What Type Of B2B Leads Do You Have? IQLs, MQLs or SQLs?

Before we delve into understanding the different types of B2B leads, Information Qualified Leads (IQLs), Marketing Qualified Leads (MQLs), and Sales Qualified Leads (SQLs), let us first get to know what you mean by a lead.

What is a Lead?

A lead is an individual or a company with an interest in the product or service you provide. These individuals or companies show their interest by either sharing their email ID, phone number, etc. Which business doesn’t want more leads? Marketing wants more leads, Salespeople want more leads, and company leadership wants more leads. The only problem is that if you ask people in your company to define what a lead is, almost every person will have a different definition. To eliminate this confusion, you need to have clear, agreed upon, and written down characteristics of what constitutes a lead for your company. The tug of war between Marketing and Sales is legendary and can lead to a loss in business growth if both teams are not aligned properly. Without clearly defined lead characteristics, Marketing keeps sending every lead to Sales. The Sales team wastes a lot of energy and resources going through the leads only to realize the leads are not sales-ready. It leads to the overall business performance getting affected. Businesses where the Marketing and Sales team worked together saw a whopping growth in annual revenue, and companies that had poorly aligned departments saw a significant loss in revenue.

Types of Leads

There are 3 types of leads 1) Information Qualified Leads 2) Marketing Qualified Leads 3) Sales Qualified Leads These Leads can be aligned to the customer life cycle to understand better, which leads are IQL, MQL, and SQL. Difference between IQL, MQL AND SQL

What is Information Qualified Leads?

Information Qualified Leads or IQLs are the weakest leads and have just entered your Marketing and Sales funnelSince these leads are not aware of your company and what you do, the information that these leads exchange for your content is usually just their email ids. Companies can share educational content to push these leads down the funnel further and convert them to Marketing Qualified Leads. To acquire more information on these leads, you need to provide high-value content to help them to learn more about your brand and help build trust.

What is Marketing Qualified Leads?

Marketing Qualified Leads or MQLs are those leads that have better chances of becoming a customer as compared to other leads. There will be many visitors to your website, and not all will be MQLs. Some of those visitors would be interested in your content (IQLs) but would not fit your buyer personas. To understand which leads are MQLs, you need to analyze lead behavior and their engagement level, including content offer downloads, the number of visits to the website, and the pages that the lead is visiting. The MQLs will be downloading top of the funnel content offers. To separate MQLs from unqualified leads, you need to use a lead scoring system. Lead scoring involves assigning points to actions that visitors take. For example:
  • Visitor downloads an eBook from your website and shares contact information and pain point – +30 points.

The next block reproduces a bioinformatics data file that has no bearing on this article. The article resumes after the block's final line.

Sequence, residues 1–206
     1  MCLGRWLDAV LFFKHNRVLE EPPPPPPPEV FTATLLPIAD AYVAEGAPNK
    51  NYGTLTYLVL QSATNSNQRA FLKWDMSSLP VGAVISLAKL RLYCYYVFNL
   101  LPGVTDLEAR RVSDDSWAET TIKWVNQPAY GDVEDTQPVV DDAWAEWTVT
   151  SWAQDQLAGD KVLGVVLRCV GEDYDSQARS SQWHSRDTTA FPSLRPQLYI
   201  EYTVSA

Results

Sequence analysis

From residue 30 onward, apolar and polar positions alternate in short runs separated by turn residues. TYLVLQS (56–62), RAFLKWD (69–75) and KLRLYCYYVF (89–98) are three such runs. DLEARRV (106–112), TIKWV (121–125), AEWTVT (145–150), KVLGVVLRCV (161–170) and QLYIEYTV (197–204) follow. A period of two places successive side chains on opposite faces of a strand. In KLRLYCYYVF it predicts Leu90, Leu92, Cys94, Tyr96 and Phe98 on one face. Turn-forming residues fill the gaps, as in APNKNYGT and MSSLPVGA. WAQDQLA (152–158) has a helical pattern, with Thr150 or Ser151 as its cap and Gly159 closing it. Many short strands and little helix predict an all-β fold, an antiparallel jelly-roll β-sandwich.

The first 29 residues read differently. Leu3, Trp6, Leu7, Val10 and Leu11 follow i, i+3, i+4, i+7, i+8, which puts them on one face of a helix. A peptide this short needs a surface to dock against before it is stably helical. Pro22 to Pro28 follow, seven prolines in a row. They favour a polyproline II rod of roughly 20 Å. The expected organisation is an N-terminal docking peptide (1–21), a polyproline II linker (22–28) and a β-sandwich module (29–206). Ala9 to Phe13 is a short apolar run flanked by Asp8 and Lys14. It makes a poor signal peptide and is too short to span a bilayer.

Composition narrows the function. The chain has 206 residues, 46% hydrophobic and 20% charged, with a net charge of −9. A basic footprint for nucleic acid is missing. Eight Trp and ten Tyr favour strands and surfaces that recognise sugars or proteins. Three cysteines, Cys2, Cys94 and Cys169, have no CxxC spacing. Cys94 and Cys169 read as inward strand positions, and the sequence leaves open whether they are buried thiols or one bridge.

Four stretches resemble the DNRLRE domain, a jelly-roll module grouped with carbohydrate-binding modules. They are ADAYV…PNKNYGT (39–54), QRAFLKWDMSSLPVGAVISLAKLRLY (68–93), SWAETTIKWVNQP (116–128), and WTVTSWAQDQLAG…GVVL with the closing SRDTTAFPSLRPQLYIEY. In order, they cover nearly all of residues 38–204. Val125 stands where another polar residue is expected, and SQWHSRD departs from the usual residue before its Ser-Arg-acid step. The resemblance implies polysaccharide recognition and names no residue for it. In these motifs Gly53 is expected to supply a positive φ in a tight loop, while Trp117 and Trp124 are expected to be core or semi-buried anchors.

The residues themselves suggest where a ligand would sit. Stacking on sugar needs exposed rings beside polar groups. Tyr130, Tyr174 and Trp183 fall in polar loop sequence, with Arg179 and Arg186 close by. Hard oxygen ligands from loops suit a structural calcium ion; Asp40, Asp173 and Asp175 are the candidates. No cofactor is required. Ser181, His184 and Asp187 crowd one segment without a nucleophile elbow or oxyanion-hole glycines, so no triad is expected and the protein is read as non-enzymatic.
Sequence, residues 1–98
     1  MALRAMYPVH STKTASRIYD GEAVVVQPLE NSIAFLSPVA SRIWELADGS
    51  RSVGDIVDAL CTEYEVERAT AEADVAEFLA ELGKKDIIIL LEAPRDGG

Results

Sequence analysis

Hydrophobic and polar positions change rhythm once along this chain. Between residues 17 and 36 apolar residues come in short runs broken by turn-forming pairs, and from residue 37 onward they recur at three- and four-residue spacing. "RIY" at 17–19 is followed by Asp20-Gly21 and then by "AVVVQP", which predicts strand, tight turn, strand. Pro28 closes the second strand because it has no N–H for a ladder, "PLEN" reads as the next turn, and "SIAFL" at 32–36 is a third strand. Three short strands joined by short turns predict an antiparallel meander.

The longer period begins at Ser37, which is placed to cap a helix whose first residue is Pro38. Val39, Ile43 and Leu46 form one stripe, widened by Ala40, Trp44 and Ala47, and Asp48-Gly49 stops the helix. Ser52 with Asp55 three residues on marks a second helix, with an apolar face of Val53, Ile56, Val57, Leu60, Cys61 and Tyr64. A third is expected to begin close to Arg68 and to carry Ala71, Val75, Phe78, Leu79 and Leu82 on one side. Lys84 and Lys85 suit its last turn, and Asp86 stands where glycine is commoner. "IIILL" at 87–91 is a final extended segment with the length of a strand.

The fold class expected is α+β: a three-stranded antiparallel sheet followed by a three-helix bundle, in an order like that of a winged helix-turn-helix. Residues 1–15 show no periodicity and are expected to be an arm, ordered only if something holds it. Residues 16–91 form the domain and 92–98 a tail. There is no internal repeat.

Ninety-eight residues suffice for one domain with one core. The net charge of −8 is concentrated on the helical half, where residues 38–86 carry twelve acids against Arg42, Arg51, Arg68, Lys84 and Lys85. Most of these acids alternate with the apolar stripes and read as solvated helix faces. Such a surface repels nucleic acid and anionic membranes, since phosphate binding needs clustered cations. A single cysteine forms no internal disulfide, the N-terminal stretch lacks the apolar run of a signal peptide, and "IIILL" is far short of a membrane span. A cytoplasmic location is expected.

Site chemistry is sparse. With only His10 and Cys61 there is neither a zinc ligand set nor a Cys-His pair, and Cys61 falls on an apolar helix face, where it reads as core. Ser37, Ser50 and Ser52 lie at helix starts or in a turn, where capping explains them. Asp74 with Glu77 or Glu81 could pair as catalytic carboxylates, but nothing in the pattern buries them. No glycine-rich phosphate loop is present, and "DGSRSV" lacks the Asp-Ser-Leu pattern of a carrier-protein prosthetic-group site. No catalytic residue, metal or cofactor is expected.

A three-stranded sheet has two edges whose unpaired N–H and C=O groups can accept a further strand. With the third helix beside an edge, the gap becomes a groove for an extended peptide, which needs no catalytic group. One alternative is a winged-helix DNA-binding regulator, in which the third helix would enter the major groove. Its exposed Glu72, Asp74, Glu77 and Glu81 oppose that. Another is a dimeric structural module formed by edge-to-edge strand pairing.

• Subscriber clicks on a link in your email marketing campaign – + 10 points
  • Visitor fills an online form – + 10 points
  • Messages you on LinkedIn – +5 points
Once a visitor reaches a certain level of points, they can be converted to Marketing Qualified Leads. These MQLs have shown sufficient interest and are now ready for an in-depth conversation with your Sales team.

What are Sales Qualified Leads?

Sales Qualified Leads or SQLs are ready for a more in-depth conversation with Sales, but they also have to show an intent to buy your product or service. SQLs fit your buyer personas and have demonstrated that they need to buy your product/ service. They are further down the Buyers’ Journey and have specific questions about your product/service. MQLs can be defined by using automated software that assigns points but defining SQLs is a bit complicated. SQLs will involve the leads speaking to Sales to answer their specific questions where certain factors need to be considered. The SQL lead will
  1. Have a desire to speak to sales about pricing and how your product works (ask for a demo)
  2. Want to see if your product fits in their ecosystem and the ease of use
  3. They will want to understand if your product is scalable
For the sales team to successfully qualify an SQL, they need to
  1. Find out if the person who initiated the contact has a role to play in facilitating the decision to purchase among other stakeholders of their company
  2. Create a business case for your product/service
  3. Discover if your product is solving a latent or obvious pain point of your customer
  4. Assess the timeline for sale to happen
It will help them move the SQLs to opportunities that can be further nurtured to turn them into customers. different types of leads Handing off leads and moving them from IQL to SQL is pretty similar to a relay race that we took part in during our school days. The team’s success depended on the flawless coordination between each team member—the baton passed smoothly from one team member to another. If any team member dropped the baton, they had to work extra hard to gain the lost time. Similarly, Marketing and Sales have to work together to have a smooth flow of leads from IQL, MQL to SQL. It will impact the company’s bottom line and provide the prospect with a smooth experience as he moves from the top of the funnel to the bottom of the funnel and makes a purchase.

So, what type of leads do you have for your B2B company?